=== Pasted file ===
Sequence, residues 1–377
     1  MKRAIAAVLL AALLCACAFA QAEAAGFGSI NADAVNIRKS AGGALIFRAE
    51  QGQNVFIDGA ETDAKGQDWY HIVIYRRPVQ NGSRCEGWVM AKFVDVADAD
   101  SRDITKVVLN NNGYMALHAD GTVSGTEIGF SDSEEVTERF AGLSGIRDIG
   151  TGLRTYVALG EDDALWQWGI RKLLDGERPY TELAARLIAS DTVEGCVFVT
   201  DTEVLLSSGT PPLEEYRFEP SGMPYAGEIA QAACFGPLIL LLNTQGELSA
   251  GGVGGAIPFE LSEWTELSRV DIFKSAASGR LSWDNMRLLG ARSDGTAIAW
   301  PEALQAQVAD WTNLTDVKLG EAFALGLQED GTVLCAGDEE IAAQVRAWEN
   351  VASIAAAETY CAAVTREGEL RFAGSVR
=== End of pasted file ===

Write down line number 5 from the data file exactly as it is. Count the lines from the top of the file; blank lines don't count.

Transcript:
   151  TGLRTYVALG EDDALWQWGI RKLLDGERPY TELAARLIAS DTVEGCVFVT